Lesotho News

Australian volunteers learn whilst teaching

April 6, 2011
Teachers Kaye Young & Lidia Mancini

Teachers Kaye Young & Lidia Mancini

“We came to teach and ended up learning.”

That was the response of  two Australian teachers, Lidia Mancini and Kaye Young, who travelled to the highlands of Lesotho to help in the education of  local youngsters.

The directors at Maliba Lodge, Australians Nick King and Chris McEvoy and Lesotho engineer Stephen Phakisi, have established a community trust in the area both to improve and protect the environment in the Tshelayanne National Park and better the living conditions of the local villagers.

Lesotho’s literacy rate of 85 % is one of the highest in Africa but this small country has major problems with high levels of HIV, poverty and malnutrition. It is estimated that 60% of the population live below the poverty line.

The Maliba community trust sponsors a work programme for the five local schools and experienced teachers are being flown in from Australia to help with the tuition and improve the skills of the local teachers.

Mancini and Young, who are from a high profile Melbourne school, Peninsular Grammer, have just completed a month’s stint at Maliba Lodge, running workshops and helping teachers and pupils at the local schools.

“We hope this programme will continue with at least two more groups of teachers travelling to Lesotho from Australia each year,” said McEvoy.

Both teachers described their experiences as “amazing.”

“We thought we were going over on this noble quest to teach all these poor people but we ended up learning so much about ourselves,” said music teacher Mancini.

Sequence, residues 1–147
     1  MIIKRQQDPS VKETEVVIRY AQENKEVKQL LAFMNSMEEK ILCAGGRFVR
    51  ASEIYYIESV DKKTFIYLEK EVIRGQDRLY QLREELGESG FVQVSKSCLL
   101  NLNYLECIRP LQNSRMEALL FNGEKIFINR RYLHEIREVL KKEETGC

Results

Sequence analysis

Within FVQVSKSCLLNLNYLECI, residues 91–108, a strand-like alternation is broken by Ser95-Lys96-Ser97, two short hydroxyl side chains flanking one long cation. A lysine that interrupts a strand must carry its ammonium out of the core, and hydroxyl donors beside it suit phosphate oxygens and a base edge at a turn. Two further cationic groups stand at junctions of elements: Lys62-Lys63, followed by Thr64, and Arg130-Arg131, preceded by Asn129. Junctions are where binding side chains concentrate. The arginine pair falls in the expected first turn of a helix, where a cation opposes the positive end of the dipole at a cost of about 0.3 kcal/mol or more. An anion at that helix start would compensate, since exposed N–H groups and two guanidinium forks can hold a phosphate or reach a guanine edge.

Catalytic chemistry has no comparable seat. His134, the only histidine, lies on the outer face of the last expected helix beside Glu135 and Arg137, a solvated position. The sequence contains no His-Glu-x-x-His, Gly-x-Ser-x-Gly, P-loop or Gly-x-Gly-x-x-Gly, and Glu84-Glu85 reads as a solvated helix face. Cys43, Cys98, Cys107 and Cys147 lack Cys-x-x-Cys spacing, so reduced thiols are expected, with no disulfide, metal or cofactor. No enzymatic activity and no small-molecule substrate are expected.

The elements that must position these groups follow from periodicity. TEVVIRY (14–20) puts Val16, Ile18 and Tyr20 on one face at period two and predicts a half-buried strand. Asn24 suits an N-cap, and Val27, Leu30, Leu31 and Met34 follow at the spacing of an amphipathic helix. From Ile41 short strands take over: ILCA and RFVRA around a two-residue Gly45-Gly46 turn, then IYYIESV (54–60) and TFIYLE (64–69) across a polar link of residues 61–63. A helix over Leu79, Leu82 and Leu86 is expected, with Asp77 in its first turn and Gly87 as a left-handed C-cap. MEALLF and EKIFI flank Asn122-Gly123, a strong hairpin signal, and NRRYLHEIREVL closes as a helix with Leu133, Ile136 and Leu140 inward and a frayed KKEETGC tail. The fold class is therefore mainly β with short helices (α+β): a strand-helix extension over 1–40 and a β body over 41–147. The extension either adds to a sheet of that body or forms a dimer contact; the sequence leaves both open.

“The children and teachers were very accepting and warm. The musical experience was phenomenal and really moving. They are in their element when they are singing and I was so excited that I can now sing in Sesotho.”

Kaye Young teaching in Lesotho

Kaye Young teaching children the major body parts

Young was taken with the enthusiasm of the children and their ability to work in the most demanding of conditions.

“Children were so affectionate and love school and learning. Honestly, the whole experience exceeded our expectations and it has changed the way I teach.

Young said that “one of the best ways to learn something is to teach it to others.”

“That is one of the great things about our job. In teaching the students in Lesotho, and working with the teachers to provide them with ideas to improve their teaching methods, I found that I was also learning myself and improving my teaching skills.”

Young said that she had to produce creative ideas and activities for teaching students in their second language – English – and under difficult circumstances.

“The class sizes were large and there was a lack of resources and equipment. In doing so I have added to my teaching repertoire which I believe will make me a better teacher when I return to the classroom in Australia.

“Also, in running workshops for the teachers on  a variety of topics, I have furthered my own knowledge and understanding of these areas and will therefore be a more effective teacher myself. “

While the two teachers are quick to acknowledge that they have benefited from the experience, they did feel they had also made an impact.

They both immersed themselves in the culture, attending church and spending the days with the children.

Lidia with Lesotho school children

Lidia with some local village children

“We now eat pap and veg with our hands,” said Mancini.

Both were astonished at the natural beauty of the area surrounding Maliba Lodge.

“The scenery was simple spectacular,” said Young. “It brought tears to our eyes – it sounds corny, I know, but neither words nor pictures can adequately describe the beauty of this part of the world.”

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